The 2022 Xiaohongshu Beauty Trends Report released in April, revealed once more that interest in ingredients is strong. The report revealed that in 2021, the number of searches for ingredients increased by 216% YOY. Some of these searches were “Morning C night A”- apply vitamin C in the morning and A at night, and hyaluronic acid. The high interest in ingredients is highly influenced by Chen Fen Dang (成份党) or skintellectuals; Chinese skincare enthusiasts who thoroughly explain cosmetics and their ingredients. Thus, a strategy to attract Chinese consumers could be to be transparent about product’s ingredients and emphasize the ingredients heavily in advertising. In addition, try to learn from Chinese skintellectual netizens forums, and use trending ingredients in your products.
Korea’s domestic natural skincare brands make competition tight
In Korea, opportunity for foreign brands is less since Koreans pride themselves on their domestic beauty industry and there are Korean certifications that regulate natural skincare. In addition, the effectiveness of Korean products paired with their cheap prices discourage consumers from foreign brands. Major brands like Chanel and Dior attract Korean consumers but it is difficult for independent brands to penetrate the market.
Skin health and the appearance of one’s face is significant in Korean culture, thus the Korean skincare industry is a big business. Women from a very young age are taught to care for their skin, and companies ask for photos in an applicant’s resume. Korean’s popular 10-step skincare routine has become internationally recognized. Although they are highly knowledgeable on skincare, Korean consumers are generally not in the lookout for niche brands as Chinese consumers are. Korean consumers prefer to shop from large and renowned brands or daughter companies of such brands. It is relatively challenging to reach Korean consumers as a domestic brand and even more so as a foreign brand. Some of the most popular natural skincare brands include Innisfree, Whamisa, Aromatica, and Baesix.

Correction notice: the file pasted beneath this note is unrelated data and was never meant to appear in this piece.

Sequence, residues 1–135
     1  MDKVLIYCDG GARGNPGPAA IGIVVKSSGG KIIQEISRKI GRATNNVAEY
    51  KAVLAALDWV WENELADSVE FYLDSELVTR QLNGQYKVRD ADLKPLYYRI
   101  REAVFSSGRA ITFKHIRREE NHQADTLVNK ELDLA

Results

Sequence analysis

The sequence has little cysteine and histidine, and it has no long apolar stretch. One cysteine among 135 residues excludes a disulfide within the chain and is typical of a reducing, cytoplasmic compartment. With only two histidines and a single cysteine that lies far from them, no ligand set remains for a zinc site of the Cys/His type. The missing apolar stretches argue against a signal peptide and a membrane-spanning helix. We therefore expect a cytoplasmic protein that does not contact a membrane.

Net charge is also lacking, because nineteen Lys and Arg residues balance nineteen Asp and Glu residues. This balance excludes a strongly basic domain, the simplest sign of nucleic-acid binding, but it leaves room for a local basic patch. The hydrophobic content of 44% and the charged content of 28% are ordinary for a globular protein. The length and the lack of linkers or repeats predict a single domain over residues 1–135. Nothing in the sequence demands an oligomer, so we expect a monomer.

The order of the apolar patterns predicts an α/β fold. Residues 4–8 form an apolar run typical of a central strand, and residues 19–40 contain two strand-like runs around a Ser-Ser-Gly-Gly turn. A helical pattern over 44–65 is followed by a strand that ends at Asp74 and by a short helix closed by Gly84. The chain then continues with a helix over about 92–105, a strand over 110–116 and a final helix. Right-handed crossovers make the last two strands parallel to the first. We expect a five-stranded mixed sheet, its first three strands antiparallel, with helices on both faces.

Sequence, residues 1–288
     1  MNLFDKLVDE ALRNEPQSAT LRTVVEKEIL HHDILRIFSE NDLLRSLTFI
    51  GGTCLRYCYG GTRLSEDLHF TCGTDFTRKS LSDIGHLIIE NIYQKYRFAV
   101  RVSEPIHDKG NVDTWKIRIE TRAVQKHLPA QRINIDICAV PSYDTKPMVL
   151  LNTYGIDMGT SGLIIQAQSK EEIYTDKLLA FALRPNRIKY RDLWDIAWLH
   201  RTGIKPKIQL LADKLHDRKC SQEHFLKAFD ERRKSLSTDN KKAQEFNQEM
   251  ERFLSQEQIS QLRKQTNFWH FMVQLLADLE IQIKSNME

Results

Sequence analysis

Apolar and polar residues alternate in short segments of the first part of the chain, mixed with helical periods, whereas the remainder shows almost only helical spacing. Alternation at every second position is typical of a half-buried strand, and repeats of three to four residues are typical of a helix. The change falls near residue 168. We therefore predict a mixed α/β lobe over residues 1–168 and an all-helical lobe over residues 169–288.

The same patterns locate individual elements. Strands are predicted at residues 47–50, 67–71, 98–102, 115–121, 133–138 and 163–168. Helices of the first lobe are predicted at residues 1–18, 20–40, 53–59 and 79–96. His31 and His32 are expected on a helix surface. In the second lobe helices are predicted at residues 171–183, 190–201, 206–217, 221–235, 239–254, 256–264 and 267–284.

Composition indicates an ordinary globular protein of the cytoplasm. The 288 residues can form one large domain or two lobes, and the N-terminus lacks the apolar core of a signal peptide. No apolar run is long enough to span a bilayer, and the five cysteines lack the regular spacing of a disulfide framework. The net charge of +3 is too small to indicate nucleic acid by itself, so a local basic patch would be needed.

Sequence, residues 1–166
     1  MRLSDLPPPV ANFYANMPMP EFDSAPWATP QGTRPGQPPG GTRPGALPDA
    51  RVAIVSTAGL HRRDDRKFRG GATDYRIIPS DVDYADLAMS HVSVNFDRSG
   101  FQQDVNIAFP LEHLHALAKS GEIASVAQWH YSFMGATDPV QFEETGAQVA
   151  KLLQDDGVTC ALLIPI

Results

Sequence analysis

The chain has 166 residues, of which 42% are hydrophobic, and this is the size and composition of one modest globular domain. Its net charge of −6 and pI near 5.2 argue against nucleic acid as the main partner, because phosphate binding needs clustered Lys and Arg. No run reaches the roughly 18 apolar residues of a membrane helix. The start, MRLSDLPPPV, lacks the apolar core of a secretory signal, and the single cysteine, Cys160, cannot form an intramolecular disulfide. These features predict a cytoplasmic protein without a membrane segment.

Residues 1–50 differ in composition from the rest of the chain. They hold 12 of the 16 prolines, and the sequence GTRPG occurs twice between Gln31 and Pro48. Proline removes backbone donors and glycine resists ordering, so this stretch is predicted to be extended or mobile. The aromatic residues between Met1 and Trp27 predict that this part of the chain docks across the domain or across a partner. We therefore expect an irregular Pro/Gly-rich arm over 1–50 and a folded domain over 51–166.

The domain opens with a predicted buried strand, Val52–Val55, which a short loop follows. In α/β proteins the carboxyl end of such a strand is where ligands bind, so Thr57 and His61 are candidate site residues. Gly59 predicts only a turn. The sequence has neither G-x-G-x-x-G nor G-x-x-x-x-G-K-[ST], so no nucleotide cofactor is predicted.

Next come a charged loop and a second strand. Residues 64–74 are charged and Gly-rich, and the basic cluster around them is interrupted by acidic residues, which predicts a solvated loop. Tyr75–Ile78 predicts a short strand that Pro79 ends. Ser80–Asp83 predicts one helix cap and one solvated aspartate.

Source: Femina, “The famous Korean 10 step Skincare routine”, a key aspect of natural skincare in South Korea
In both China and South Korea, sustainability does not extend to packaging
In both China and Korea, over packaging of products is a major issue. As many products are, natural skincare products are being covered in multiple unnecessary layers, especially products purchased online. The COVID-19 pandemic increased the over packaging problem since things were doubly packaged for hygiene. In 2021, 24.5% of retail sales in consumer goods in China were made online and 23.7% in Korea. This data reflect an attitude of consumers; they want their products conveniently delivered and do not care if the over packaging is severely or negatively impacting the environment. Both Chinese and Korean governments have recognized this issue in 2021 and have issued stricter packaging regulations, but the takeaway is that consumers do not mind as much in comparison to Western consumers who would consider non-sustainable packaging a deal-breaker.
Key Takeaways of the natural skincare markets in South Korea and China:
- The Covid-19 pandemic has made both Chinese and Korean consumers more attentive to the ingredients of their products, increasing demand for natural skincare products
- The Korean market is relatively difficult to penetrate by both foreign and domestic newcomer brands but there is always a market for large foreign and domestic brands
- Although consumers are increasingly demanding natural ingredients, they have low awareness of sustainability in packaging of these products
- To Korean consumers, “Clean beauty” equates to vegan, whereas in China, being vegan is not a concern.
- China has no official “natural” certifications for skincare brands, as a result, Chinese consumers buy from foreign brands (both large and niche) but also support local niche brands that prove to be trustworthy
Author: Nefeli Georgiou